Software Is Like Writing and Revising a Giant Book

With time, I discovered a way of explaining the subtleties of my developer job to my uninformed relatives and friends.

Sharing what your developer job is about with others can be very frustrating. Some people think you are “Just playing around with computers” as if it was not serious work. Others think that it is an extremely Cartesian and solitary activity with no place for communication or creativity. Trying to explain the diversity and richness of a developer’s work is often a disappointing experience.

The book metaphor

I explain to people that writing software is not unlike writing a huge book. A book long many millions of lines. I explain that the challenge is to maintain the whole story of the book coherent. I stress how difficult this is given that no one can take the time to read the full book, that the authors come and go, and that the book is under constant heavy revision.

Details of our work

The metaphor is quite valid and even holds about more subtle aspects of our work. Here is a summary of the last discussion I had about the book metaphor :

  • (Him) Do you have some ‘gatekeepers’ for different sections of the story to make sure that these parts remain coherent ?
  • (Me) That’s what we would call strong code ownership, this was the norm 20 years ago, but that the industry is moving to more collective code ownership, in order to decrease the bus factor.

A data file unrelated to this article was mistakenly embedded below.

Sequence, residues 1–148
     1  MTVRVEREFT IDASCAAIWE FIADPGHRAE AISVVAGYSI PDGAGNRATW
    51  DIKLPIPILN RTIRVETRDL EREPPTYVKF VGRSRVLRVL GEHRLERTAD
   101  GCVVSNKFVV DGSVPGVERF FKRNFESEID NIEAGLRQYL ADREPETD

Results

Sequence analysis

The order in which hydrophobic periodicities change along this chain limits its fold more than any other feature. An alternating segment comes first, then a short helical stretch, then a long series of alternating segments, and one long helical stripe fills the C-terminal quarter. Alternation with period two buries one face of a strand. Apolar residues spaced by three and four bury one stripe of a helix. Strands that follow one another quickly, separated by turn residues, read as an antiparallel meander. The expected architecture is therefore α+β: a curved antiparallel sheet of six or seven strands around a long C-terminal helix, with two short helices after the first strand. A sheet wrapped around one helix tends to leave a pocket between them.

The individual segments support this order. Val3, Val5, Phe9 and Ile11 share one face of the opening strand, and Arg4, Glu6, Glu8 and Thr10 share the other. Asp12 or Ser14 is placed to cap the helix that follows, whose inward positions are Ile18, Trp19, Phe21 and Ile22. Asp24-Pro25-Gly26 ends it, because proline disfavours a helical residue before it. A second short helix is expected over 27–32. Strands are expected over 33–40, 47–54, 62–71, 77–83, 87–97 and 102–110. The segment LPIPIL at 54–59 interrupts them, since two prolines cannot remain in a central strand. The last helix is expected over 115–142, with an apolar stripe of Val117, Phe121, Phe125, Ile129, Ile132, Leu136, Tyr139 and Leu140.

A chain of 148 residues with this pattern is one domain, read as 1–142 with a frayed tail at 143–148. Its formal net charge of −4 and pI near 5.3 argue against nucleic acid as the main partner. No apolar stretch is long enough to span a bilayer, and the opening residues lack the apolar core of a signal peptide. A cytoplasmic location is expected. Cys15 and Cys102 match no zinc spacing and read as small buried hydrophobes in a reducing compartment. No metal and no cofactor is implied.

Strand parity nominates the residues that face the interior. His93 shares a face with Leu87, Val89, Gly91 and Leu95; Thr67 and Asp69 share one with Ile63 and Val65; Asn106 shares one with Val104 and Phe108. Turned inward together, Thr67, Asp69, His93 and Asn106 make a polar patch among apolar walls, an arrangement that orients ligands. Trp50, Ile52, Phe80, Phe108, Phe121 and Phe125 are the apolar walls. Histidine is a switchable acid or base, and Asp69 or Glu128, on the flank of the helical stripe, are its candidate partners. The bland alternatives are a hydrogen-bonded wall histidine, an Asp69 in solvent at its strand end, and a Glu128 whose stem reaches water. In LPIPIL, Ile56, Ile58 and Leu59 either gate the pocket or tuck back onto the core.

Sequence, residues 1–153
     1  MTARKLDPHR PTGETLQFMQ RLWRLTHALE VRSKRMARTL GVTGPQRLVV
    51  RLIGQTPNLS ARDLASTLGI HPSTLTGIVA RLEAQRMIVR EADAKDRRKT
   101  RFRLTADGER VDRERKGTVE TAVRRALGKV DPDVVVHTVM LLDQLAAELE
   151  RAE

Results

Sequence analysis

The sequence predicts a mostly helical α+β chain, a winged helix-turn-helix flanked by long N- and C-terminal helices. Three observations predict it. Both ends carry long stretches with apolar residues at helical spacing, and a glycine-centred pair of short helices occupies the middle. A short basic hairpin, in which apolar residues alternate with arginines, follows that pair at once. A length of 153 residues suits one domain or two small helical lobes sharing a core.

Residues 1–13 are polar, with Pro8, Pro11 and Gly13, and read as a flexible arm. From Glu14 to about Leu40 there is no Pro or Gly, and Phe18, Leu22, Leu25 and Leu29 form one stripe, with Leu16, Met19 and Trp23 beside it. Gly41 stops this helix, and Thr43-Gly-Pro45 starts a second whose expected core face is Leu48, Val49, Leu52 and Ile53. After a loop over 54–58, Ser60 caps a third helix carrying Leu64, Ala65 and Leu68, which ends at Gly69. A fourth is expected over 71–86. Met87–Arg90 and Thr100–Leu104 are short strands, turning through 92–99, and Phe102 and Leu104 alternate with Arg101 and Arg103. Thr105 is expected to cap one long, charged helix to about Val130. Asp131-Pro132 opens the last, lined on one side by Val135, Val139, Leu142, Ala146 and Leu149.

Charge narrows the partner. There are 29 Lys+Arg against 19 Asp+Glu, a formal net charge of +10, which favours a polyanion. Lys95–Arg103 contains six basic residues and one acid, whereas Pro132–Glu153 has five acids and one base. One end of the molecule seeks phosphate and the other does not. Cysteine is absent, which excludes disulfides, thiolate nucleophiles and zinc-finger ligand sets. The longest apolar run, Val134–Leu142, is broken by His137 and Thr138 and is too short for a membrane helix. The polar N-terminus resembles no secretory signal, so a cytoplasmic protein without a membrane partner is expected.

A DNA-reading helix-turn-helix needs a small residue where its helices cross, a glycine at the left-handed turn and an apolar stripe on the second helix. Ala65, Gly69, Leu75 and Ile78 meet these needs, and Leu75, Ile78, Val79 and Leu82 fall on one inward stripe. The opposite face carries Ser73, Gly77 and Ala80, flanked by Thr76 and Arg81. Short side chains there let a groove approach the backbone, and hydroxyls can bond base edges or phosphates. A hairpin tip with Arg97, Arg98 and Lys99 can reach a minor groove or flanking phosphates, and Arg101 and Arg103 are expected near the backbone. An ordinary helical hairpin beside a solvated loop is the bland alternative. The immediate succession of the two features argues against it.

• (Him) What is the bus factor ?
  • (Me) The number of person who need to be hit by a bus to block your development progress
  • (Him) I see, that’s kind of funny. But then, does that mean that any developer can change any part of the code ? Isn’t that dangerous ?
  • (Me) Sure that would be difficult, that’s not really how we do it. We make a lot of efforts to split the big story in many smaller independent ones as much as possible. This way, teams specialize on different ‘chapters’ and work collectively within it.
  • (Him) I see
  • (Me) And if you need to change something in another ‘chapter’ you should ask the guys who know it better to help you.
  • (Him) That makes sense. And what happens if two developers want to modify the same part of the story at the same time
  • (Me) That can happen. People might even want to modify the story in conflicting ways ! We’ve got tools, processes and best practices to minimize this. If nothing is done, we’ll get what we call a ‘merge conflict’.
  • (Him) Ho … I wouldn’t have guessed, but it seems collaboration is really important in your work, isn’t it ?
  • (Me) Sure it is !

We are software writers

All this reminds me of DHH’s talk about writing software :

How I Fixed the Unknown Language Pygments Error in Octopress